The Eyemazing World of Charlie Roberts
Most of American artist Charlie Roberts' work looks like the mindstream of a comics-obsessed tween with a Ritalin prescription: look at that gnome humping that tree trunk; look at that axe; I'm eating crisps; I'm surfing; me in sneakers; look at that gnome screaming; it's a gun; it's a rifle; it's a man shot dead; oh look, blood; that guy's puking; I wanna build a tree house; give me your water guns; I'm frying eggs; I see boobs; I wanna baseball bat; it'd be a cool to be a bat; Batman; Batman cap; ice-cream Sundaes; skate ramp; pot of gold; look at that gnome speaking on a cell phone… The information shitstorm that hits you when you're eyeing up his art makes you feel like a testosterone-dizzy hoodlum about to plant a flaming bag of crap on a neighbour's doorstep.
It’s pretty eyemazing.
Aside from these energetic graphite and gouache works on paper, Charlie makes totem poles and statues out of wood found near his house in the Norwegian forest, where he lives with his wife and four-month-old son, who he likes to make up songs for with titles like “Mr. Showbiz Man” and “Get Off the Tracks”.
I had a chat with Charlie about all of the above.
VICE: Hi Charlie, what have you been up to today?
Charlie Roberts: Today I got up and made an egg and bacon breakfast for my wife, Heidi, then walked our son, Oskar, around the lake. After that I got a couple of studio hours in, then walked Oskar and our dog, Kompis [which is the Swedish and Norwegian word for 'friend'], around the lake again. Gave the little guy a bath and some milk and now he's passed out, so I can get a couple more hours in the studio before I hit the hay.
What's your favourite thing to draw?
The action scenes are the most fun – the fighting and the boning. When I’ve been standing in front of the piece of paper for a few hours and I start to space out, it’s good to paint a knife fight or some sex. It wakes me up and usually makes me laugh. I also like drawing dogs.
Did you draw a lot as a kid?
I drew some. I remember drawing Saddam Hussein getting beaten up – this was during the first Gulf War. I also drew some sports stuff, as I was into baseball. I was really messy and impatient, though, and remember getting mad because I could never make the drawings look how I wanted them to.
Why is there so much stuff going on in each and every one of your works?
I start in one corner and paint a few square inches every day until the piece of paper is filled up, which can take up to two months. I’ve read that’s how many novelists work: making up the story and the world as they go along.
What’s up with all the paintings of heads?
They started as sketches for some oil paintings I was making, but the sheets with heads became more fun than the paintings. They are kind of mindless. I do them in between the bigger paintings as a way to keep the paint hand in shape and make up new dudes.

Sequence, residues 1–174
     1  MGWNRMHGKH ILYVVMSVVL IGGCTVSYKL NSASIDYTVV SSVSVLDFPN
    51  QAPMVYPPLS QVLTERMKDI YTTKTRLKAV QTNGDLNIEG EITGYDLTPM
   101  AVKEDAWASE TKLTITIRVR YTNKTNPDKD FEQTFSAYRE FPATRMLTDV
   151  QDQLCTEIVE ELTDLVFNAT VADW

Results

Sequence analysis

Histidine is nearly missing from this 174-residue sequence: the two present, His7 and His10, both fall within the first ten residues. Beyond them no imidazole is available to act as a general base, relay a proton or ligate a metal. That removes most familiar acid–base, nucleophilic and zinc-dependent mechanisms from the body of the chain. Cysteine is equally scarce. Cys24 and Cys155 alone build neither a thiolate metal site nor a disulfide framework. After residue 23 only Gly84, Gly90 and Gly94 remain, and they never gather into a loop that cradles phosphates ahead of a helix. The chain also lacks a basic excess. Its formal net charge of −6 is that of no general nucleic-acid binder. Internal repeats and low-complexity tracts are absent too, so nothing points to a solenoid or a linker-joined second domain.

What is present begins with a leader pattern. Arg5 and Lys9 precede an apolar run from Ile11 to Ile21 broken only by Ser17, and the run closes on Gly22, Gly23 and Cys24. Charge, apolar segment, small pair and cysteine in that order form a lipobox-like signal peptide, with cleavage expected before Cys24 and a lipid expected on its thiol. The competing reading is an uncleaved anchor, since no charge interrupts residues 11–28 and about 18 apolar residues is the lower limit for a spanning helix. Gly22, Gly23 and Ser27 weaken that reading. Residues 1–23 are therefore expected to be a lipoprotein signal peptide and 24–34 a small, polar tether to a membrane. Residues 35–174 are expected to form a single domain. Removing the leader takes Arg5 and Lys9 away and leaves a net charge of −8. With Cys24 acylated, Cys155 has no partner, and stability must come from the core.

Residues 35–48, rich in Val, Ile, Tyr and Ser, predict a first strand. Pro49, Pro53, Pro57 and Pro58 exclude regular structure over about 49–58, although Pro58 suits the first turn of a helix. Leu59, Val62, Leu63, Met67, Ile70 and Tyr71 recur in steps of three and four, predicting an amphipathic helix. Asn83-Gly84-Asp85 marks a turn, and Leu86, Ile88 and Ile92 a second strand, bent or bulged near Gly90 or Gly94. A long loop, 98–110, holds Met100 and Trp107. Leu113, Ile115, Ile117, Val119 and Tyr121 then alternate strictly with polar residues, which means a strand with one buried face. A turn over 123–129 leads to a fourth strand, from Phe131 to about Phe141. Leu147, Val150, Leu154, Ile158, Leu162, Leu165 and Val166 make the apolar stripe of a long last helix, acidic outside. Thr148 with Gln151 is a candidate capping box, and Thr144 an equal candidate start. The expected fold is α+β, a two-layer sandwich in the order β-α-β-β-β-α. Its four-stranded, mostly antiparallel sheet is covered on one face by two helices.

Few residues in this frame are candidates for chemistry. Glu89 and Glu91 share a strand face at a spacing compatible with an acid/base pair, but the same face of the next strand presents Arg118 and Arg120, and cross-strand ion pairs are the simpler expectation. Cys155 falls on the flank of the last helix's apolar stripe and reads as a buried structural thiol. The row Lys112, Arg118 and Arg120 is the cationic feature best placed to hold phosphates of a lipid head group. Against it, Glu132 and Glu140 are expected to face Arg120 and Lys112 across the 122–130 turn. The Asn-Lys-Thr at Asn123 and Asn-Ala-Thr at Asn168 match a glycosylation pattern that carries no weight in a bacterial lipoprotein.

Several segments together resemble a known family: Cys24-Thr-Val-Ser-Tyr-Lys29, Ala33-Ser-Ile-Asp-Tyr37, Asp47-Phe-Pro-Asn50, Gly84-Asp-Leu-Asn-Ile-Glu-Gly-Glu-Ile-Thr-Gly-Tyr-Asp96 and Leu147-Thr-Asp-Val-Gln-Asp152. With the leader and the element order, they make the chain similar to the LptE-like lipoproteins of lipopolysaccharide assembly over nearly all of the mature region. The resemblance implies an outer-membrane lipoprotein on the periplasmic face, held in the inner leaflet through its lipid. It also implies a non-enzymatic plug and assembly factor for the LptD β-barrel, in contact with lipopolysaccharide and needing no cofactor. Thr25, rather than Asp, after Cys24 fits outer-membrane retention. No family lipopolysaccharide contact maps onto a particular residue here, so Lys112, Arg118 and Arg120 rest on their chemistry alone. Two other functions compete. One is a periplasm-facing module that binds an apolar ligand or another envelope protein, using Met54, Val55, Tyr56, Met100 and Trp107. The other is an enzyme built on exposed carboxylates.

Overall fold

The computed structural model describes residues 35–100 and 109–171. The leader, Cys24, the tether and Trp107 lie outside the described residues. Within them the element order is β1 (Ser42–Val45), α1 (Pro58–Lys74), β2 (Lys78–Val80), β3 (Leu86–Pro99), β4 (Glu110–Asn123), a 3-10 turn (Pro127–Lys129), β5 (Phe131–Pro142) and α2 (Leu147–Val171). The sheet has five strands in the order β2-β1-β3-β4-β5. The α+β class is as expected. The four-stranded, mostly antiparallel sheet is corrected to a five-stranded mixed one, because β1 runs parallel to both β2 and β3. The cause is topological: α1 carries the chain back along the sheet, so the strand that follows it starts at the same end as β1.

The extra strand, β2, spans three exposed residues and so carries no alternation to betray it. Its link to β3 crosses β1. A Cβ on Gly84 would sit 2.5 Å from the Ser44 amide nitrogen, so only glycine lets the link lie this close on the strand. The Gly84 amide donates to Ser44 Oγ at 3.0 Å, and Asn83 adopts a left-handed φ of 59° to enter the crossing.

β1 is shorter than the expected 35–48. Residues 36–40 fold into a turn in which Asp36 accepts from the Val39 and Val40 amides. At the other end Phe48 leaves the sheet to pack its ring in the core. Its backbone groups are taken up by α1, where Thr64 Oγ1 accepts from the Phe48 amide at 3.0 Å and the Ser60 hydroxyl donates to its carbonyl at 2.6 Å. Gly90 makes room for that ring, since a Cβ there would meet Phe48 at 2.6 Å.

They look like race biology charts.
I never thought of that. Only painting pink faces is boring, so I do variations. Also, I'm a big rap fan so I like to paint a lot of those dudes.
What's the most annoying thing an art critic has said about your work?
One guy got hung up on a press release I wrote in the style of a MMA fight poster or a monster truck event: “Come see the BADDEST BRUISER....ONE NIGHT ONLY...the KANSAS KRUSHER....” I thought it was a funny press release because those things are usually so dry. I don't think he got the joke, though.
There's a performance artist who has the same name as you. How much do you want to punch him?
This guy needs to take his site down. It confuses the shit out of everybody: They see my drawings somewhere and then find this dude’s site, with this other Charlie Roberts doing frikkin’ body performance art – wrapping himself in masking tape and smearing peanut butter on his face. His site has been linked to from exhibitions of mine by accident. I get mad just thinking about it. There is only room for one Charlie Roberts. It should be like in Hollywood where everyone has to register their name so there are no mix-ups.
Do you have a website?
www.charlieroberts.com is taken too, but at least he’s a cool adventurer… You should register therealcharlieroberts.com. Anyway… How come you moved to Norway?
I was born and grew up in Hutchinson, Kansas, USA. I met my wife when I was studying art in Vancouver. We lived in NY for a little bit, and then moved to the forest outside of Oslo. I’ve been here for like, five years now.
What artists do you like?
I like Pieter Bruegel, Thomas Houseago, Eddie Martinez, Heidi Johansen, John Currin, Lil Wayne, Gucci Mane, Van Eyck, Anton Henning, Nathalie Djurberg, all the Batman stuff, Disney and Rick Ross.
Nice mix. So what are you working on now?
Some drawings inspired by the Native American Ledger drawings, and some giant totem poles for the David Risley Gallery booth at the Armory Fair.
Sounds great, Charlie. Thanks for talking to me.
Find out more about Charlie at the David Risley Gallery homepage.